Well, I’m back now from the various travels associated with publishing a new book. It all went well. I met some wonderful people, including Dame Margaret Drabble (who is delightful), “Handsome” Colum McCann, Kevin Bass, Seth and his wife Tania, Charlotte Grey and on and on . . . lots of terrific readers. Wonderful festival organizers.
The lights have dimmed, the crowds (snort) departed, the activity stilled. I return to ordinary time, made even stiller than usual because I’ve just sent off the draft of my upcoming novel to my editors and await their feedback. I’ve probably got a few weeks before it comes back to me. So . . . tap, tap, tap . . . what to do?
When I am not writing I can be irritable and unsettled. It’s as though I’m a marionette and one of the strings attached to the crossbar has been cut, or the length’s been fiddled with and I’m all jerky and out of alignment. True, there is the lure of a MAMMOTH pile of unread books, and spending hours diving into that will be a joy. There are also the responsibilities associated with running a monthly writing workshop. There is The Rescuepoo to walk and feed and play with. There are even some friends to see — whom I’ve been neglecting lately. But still, there is a niggling little tug. Write. Write. A short story or two? Yes, possibly. I’d like to get back to that. Writing short stories, for me, uses a different part of the brain than that used for novels. I should exercise it a little.
But the truth is, I feel a bit lost when I’m not working on a big writing project.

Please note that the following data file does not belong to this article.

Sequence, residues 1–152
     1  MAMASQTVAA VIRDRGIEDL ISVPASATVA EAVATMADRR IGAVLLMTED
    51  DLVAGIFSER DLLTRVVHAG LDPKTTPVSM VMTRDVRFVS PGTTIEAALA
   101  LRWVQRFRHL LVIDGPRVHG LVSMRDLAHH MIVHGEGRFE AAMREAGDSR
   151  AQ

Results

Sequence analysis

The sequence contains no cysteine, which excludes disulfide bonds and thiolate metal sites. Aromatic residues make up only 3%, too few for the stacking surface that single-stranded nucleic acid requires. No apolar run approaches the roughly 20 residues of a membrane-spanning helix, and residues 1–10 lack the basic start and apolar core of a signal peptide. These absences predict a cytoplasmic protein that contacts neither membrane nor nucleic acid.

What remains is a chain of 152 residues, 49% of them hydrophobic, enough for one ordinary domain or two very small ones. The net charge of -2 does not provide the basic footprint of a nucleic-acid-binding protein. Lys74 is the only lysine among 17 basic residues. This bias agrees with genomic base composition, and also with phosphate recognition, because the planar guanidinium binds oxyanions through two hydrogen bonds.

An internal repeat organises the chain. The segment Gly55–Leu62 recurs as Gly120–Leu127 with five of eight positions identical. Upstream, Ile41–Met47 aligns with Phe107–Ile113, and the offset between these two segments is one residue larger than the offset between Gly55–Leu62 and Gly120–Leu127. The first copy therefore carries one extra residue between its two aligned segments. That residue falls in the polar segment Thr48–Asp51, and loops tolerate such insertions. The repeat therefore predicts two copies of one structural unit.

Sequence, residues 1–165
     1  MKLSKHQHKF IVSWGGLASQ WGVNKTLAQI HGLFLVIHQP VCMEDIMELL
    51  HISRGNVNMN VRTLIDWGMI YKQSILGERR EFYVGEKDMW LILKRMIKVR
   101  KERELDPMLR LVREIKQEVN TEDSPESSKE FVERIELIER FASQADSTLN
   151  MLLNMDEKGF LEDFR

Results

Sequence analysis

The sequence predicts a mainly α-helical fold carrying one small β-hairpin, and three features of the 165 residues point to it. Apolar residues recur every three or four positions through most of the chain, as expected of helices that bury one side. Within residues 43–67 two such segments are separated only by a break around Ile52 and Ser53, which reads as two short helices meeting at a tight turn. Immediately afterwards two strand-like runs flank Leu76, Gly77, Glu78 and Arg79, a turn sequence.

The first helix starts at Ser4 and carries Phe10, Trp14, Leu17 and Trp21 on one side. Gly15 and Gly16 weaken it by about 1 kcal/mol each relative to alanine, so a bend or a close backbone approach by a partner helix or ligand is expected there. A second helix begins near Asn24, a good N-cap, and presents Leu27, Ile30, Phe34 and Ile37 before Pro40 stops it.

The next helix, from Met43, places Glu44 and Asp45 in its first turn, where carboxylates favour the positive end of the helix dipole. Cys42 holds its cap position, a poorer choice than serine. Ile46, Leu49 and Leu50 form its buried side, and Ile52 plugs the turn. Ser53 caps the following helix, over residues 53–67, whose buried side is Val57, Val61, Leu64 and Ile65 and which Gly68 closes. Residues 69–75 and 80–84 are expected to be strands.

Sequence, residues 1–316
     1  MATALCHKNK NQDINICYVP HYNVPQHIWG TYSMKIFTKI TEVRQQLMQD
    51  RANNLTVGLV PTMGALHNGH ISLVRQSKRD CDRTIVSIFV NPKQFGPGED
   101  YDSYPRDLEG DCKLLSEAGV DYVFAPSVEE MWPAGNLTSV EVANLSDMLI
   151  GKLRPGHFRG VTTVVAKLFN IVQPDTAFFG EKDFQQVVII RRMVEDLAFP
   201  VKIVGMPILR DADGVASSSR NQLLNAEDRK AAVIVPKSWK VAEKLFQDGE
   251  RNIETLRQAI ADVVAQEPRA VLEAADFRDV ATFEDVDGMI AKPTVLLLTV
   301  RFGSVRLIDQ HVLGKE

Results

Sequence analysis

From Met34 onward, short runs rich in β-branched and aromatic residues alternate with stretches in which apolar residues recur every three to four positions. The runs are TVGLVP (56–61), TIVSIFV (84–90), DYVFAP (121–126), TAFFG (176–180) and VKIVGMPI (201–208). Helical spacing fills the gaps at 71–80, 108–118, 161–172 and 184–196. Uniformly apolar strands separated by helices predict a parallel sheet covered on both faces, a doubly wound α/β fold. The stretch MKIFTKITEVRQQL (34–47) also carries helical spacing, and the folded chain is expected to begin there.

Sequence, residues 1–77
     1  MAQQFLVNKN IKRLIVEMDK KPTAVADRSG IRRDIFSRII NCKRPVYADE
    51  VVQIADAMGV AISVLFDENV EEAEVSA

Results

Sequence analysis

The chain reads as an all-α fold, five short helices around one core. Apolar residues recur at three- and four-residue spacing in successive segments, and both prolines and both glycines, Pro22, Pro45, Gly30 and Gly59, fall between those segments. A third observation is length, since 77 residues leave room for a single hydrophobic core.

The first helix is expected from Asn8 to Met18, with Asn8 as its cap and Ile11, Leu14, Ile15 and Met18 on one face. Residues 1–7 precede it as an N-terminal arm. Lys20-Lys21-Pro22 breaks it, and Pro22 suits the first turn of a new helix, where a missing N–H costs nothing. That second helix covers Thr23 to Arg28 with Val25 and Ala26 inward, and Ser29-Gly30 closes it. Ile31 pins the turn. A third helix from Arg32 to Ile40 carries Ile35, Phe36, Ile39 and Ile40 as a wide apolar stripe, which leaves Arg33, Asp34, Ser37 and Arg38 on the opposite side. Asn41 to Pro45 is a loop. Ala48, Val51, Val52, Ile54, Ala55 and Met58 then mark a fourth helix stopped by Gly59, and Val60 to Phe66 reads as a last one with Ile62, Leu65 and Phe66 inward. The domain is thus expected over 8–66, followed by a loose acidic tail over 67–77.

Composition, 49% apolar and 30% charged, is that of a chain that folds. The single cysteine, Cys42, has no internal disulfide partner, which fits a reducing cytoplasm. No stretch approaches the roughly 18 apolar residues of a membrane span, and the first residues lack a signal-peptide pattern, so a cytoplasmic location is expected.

I met a young woman recently, a well-published poet, who said she isn’t writing. When I asked why, she said the idea of writing fills her will disgust. She has nothing to say and, she said, even if she did, she doesn’t want to say it. She feels no impulse to write. In fact, she feels an aversion. She doesn’t know if she’ll write again.
I said I quite envied her. Although I love my writing life, there are times when the need to write feels exhausting and I would like to simply be, without the nagging feeling I’m letting my side down, if you know what I mean. The image I use for my compulsion to write is that of a huge mastiff dog. The dog wants to be walked. NOW. It’s sleeting and icy and pitch black out. Really filthy weather. The fire is warm. The cup of tea is at hand. The book I’m reading is fantastic. But there stands the dog, whining, leash in mouth, giving me that look. You know the one: If you don’t walk me now, I’m going to eat the couch and pee on your chair. I try to ignore the dog. More whining. A low growl. Enormous paw on my knee. Not now, dog. I want to just sit and enjoy the fire and the book and the tea. The dog eyes the couch. Drools a little. And so on. In the end, it’s easier to just walk the damn dog.
And so it is with writing. Try as I might to ignore the urge, I can’t settle until I’ve done my words for the day. Only then does the dog lie down and my feet and let us both relax.
But my young poet friend said she envied me. She would like to feel compelled to write. She would like to know it is what she’s meant to do. That would give her life form and meaning.
Ah, yes. There is that. And so, like all writers — emerging and seasoned, young and old, hacks and geniuses and everyone in between — in the end we write. And, after posting this, I’ll only have approximately four hundred more words to go for the day!
Keep writing. You’re not alone.